Not reaching out to people really becomes a self-perpetuating cycle if it continues for a long time. You don't contact your friends, because you assume they aren't interested, then they will see you not contacting them and they will assume it's because YOU'RE not interested. All this ends up creating is a situation where everyone's keeping silent based on a false idea(that the opposite party doesn't want to see them).

You gotta reach out at least some of the time, even if it's just to ask someone about how things are going in their life. It's not fair to expect your friends to chase after you 24/7(the reverse is true as well). If for no other reason, reach out to be fair to these people. Reaching out/putting in emotional labour is how we show that we are invested in a friendship. People aren't mind readers. You gotta show them you care, and chances are they will return the favor.

Start breaking the silence in small ways. Start conversations through social media or texts. If you listened to these people in the past, and know what they like/what their life goals were, a good place to start is asking about those things(like "hey, did you see X movie? I remember you liking those films." or "been a while, how's Y thing going for you?"). A casual reminder that insinuates "Hey, I exist and I enjoy spending time with you" can go a long way. This kind of casual check-in can even rekindle friendships that on the surface had seemed long dead.

Relationships are like fires, they need mutual tending and refuelling to keep them going.
posted by InkDrinker at 4:53 PM on January 17, 2016 [5 favorites]

I had an insight this morning which you may find, if not helpful, at least supportive.

I always carry a book wherever I go. In some ways I prefer reading to the ups and downs of trying to make conversation with people I have a slight acquaintance with (like the regulars at a local bar or neighborhood coffee shop).

What I realized was that the only difference in engaging with an author (as opposed to a real-time human) was that in a book the organization of the thoughts has been prepackaged. In a conversation one has to dig a little and assemble it yourself. This could be considered a fun game (like Clue).

I'm planning on giving this approach a try. I think I might be able to be a reasonably fun person with a little practice.
posted by cleroy at 5:33 PM on January 17, 2016 [1 favorite]

Would you feel comfortable organizing a small get-together for friends or co-workers? I also have social anxiety, but I'm also starting to feel like I have a knack for getting people together--if only because I take the first step and ask people if they'd like to get together and do something.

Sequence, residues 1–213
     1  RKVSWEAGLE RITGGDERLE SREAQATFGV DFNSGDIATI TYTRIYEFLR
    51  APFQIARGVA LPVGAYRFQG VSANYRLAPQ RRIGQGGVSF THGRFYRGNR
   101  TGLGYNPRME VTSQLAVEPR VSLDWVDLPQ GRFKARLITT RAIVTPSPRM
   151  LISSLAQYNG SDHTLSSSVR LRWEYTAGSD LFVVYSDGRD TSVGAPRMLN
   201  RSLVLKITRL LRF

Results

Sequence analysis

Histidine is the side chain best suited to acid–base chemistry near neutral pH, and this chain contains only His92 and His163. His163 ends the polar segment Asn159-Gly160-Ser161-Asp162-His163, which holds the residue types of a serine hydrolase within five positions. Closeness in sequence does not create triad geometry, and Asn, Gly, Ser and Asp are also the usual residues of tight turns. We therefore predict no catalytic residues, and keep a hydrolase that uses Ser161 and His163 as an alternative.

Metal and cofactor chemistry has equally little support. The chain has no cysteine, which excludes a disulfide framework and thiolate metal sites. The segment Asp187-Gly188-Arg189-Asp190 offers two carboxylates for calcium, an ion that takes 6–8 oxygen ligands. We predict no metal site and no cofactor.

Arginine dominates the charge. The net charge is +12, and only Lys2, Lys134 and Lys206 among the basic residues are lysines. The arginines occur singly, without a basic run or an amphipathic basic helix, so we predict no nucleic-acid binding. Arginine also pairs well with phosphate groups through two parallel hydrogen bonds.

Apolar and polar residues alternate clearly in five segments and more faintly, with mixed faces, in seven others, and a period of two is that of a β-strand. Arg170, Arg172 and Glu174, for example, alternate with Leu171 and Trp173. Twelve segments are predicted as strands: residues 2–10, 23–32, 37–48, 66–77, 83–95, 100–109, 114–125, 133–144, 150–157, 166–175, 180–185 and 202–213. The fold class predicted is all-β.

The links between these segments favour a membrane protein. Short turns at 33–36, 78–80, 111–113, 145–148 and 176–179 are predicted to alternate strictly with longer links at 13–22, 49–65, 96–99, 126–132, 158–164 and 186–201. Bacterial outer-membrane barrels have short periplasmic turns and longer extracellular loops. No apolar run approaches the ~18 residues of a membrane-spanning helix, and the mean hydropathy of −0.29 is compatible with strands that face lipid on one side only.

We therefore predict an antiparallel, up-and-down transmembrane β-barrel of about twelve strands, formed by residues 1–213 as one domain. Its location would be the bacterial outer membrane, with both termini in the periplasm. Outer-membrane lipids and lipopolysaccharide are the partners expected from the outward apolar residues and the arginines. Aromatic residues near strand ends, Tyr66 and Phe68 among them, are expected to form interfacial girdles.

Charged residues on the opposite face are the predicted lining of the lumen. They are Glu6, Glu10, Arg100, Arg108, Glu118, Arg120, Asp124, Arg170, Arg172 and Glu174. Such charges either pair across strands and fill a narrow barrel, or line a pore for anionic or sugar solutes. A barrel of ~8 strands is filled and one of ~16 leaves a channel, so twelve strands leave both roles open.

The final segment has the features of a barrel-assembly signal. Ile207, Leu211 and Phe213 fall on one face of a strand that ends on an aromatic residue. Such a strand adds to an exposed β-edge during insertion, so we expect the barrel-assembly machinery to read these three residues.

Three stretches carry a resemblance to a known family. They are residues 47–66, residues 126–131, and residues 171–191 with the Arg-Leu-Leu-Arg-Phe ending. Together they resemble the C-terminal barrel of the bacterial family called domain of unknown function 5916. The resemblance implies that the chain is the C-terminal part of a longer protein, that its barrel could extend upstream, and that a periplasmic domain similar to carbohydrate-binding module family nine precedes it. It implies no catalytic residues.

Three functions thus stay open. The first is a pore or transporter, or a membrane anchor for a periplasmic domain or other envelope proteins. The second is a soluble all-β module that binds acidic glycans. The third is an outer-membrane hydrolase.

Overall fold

Now, this process is often fraught with me stressing over whether anyone likes me enough to show up, whether my apartment is clean enough, whether I am serving enough food and afterwards, whether everybody had a good time, but the payoff has always been pretty nice. I invited some people from my improv class over for a game night early last year, and when we decided to form our own group, other people started doing the same, inviting everybody to their homes over for drinks/games/food. I feel a little swell of pride to think that I helped kick-start that trend.

Most recently, I also initiated a work team lunch, because some of my colleagues got moved to a different building and we got split up. One of the newer hires thanked me for organizing it, and that also felt pretty darn good.

I'm slooowly starting to realize that the notion that people don't want to hang out is all just a big scary projection of mine. I think people are more than happy to hang when asked; they just don't always think to initiate.

Of course, sometimes when you're trying to forge a new friendship with someone, it also may be the case that you ask them to hang out and they may end up being "too busy" or they're evasive about it, but so far, that's been the rare exception for me, not the rule.
posted by dean_deen at 1:49 PM on January 18, 2016

Response by poster: Thank you all, there are so many thoughtful & helpful sentiments and stories in these responses.

Bunderful's framing of this as friendship being something I can OFFER people, rather than something I worry about whether they are willing to offer me, is simple and illuminating. I hope I remember to keep that idea in mind because it is a great one.
posted by picardythird at 8:26 PM on January 18, 2016